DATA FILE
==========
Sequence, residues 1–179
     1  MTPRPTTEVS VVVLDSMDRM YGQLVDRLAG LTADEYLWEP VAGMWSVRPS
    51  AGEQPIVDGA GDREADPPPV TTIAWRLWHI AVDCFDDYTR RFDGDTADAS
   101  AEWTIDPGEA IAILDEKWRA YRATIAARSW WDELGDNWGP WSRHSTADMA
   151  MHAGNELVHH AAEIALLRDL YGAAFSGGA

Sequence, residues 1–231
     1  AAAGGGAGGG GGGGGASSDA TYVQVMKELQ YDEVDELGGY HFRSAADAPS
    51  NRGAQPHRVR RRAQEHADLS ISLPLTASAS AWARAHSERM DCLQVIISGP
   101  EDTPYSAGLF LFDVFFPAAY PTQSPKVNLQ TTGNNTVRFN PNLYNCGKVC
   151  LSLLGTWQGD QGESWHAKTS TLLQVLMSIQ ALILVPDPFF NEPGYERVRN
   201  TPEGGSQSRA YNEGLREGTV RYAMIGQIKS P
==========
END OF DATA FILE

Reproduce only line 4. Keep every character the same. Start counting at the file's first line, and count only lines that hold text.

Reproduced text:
   101  AEWTIDPGEA IAILDEKWRA YRATIAARSW WDELGDNWGP WSRHSTADMA